This particular research study focused on the growth of ryegrass (Lolium multiflorum L.) based on varying rates of zeolite in heavy metal-contaminated soils. According to the researchers, they found the lowest germination performance in the sample of soil with the highest zeolite application rate of 10 percent, which could be due to the effect of zeolite on electrical conductivity of the experimental soil. It also resulted in a significant increase of plant height in the second cutting for that particular batch.

Meanwhile, plant root and shoot dry weight also increased based on the amount of zeolite application, going up as the rate went higher through the following rates: 0, 1.25, 2.5, 5, and 10.

Due to the results of the experiments, the researchers concluded that the application of zeolite can be an effective plant growth regulator in soils that have been contaminated with heavy metals. What’s interesting is that zeolites have been found to contain certain heavy metals themselves. All zeolites contain lead, and they are largely made of inorganic aluminum. This research shows that while zeolites may be questionable when ingested, they can offer a number of environmental that shouldn’t be ignored or overlooked. All they need is proper application in order to be effective.

Read more on the latest ways of soil remediation in

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How design for disposability and convenience will bury us in waste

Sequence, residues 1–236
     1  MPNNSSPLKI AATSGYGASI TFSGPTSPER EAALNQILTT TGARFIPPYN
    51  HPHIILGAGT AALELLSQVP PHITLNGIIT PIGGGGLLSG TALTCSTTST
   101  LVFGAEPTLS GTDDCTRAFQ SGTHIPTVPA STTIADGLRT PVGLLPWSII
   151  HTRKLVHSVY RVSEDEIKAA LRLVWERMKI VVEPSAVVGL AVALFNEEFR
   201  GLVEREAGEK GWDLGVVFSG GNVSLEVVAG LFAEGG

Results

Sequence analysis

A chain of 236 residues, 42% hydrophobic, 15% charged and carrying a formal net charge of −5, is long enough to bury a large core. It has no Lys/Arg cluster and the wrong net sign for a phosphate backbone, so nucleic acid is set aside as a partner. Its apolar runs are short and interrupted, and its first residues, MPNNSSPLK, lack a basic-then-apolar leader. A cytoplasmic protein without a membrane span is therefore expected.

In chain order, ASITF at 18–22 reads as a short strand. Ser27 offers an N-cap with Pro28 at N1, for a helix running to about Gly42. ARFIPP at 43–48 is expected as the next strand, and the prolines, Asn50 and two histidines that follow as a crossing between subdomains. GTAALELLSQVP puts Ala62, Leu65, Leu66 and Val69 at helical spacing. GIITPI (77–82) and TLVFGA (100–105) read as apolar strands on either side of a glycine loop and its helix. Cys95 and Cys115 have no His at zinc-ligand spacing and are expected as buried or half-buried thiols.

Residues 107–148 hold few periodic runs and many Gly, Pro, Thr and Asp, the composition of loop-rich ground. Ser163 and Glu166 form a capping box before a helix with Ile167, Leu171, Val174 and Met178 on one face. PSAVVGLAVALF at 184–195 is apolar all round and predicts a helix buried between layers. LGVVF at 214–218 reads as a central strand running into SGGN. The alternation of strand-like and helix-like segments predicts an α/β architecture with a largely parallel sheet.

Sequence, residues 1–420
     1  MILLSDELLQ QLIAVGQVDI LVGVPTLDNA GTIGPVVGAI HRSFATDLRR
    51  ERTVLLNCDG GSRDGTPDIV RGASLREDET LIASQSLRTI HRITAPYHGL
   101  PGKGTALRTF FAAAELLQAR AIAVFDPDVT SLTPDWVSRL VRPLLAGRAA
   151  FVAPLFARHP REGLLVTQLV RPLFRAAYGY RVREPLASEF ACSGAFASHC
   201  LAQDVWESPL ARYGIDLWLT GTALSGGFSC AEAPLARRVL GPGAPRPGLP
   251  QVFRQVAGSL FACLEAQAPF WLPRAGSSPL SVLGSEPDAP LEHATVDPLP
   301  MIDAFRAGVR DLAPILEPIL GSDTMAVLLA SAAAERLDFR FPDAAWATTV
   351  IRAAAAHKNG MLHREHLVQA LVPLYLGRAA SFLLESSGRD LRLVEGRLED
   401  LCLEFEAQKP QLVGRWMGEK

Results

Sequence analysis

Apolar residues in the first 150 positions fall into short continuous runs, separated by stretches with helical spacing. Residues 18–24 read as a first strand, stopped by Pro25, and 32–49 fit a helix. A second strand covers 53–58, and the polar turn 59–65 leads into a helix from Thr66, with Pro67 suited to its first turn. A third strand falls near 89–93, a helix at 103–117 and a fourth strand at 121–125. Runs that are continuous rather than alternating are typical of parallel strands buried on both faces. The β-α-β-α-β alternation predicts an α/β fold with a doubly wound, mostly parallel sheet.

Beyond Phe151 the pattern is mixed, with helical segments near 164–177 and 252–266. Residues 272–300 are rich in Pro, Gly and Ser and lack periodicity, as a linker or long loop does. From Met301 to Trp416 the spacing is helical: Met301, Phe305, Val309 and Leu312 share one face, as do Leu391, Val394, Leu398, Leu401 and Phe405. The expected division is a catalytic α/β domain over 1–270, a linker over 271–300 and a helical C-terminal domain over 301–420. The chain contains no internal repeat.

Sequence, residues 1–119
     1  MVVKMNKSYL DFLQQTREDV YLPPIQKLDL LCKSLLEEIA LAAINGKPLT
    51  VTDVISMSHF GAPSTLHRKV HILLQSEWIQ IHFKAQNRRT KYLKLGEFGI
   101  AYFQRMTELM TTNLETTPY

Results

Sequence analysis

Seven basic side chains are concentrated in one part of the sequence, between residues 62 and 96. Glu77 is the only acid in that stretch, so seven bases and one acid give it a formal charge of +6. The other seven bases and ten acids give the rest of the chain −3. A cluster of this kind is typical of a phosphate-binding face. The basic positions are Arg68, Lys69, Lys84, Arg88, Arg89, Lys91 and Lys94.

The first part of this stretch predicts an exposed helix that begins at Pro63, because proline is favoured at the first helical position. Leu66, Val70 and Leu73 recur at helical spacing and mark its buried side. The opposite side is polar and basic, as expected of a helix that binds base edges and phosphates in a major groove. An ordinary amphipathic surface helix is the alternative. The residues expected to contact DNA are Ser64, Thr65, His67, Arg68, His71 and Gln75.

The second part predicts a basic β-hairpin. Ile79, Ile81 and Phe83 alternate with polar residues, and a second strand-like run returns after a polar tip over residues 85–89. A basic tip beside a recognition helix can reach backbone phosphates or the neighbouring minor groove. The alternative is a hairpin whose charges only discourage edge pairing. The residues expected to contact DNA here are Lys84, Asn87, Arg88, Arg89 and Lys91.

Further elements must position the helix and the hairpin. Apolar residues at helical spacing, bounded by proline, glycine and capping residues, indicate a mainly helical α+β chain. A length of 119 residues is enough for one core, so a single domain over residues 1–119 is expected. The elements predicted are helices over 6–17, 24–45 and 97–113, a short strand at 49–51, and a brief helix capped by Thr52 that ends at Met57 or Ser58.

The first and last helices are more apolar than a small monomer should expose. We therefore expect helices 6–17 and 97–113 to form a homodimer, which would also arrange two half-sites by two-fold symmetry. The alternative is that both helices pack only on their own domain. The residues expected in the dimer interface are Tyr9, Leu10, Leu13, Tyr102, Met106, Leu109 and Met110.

This is a series where I take my lectures presented as adjunct professor teaching sustainable design at Ryerson University School of Interior Design in Toronto and distill them down to a sort of Pecha Kucha slideshow of the essentials.

Building up to and during the Second World War, aluminum production capacity in the States was vastly increased to churn out airplanes. Dams were built to generate electricity specifically for making aluminum (which is sometimes known as solid electricity because it takes so much to make it).

After the war, there was more aluminum production capacity and electrical power than anyone knew what to do with. There were huge numbers of planes to recycle, the production facilities were idled, the electricity was going unused. How would they use up all that aluminum? Bucky Fuller tried building houses but that didn’t take off. Something had to be done.

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HomeBiogas Transforms Food Waste And Animal Manure Into Renewable Energy

By Fattima Mahdi Truth Theory

You can now make make renewable energy in your backyard with HomeBiogas – a biodigester that turns kitchen leftovers into natural fuel and produces rich liquid fertilizer as a by-product of the digestive process.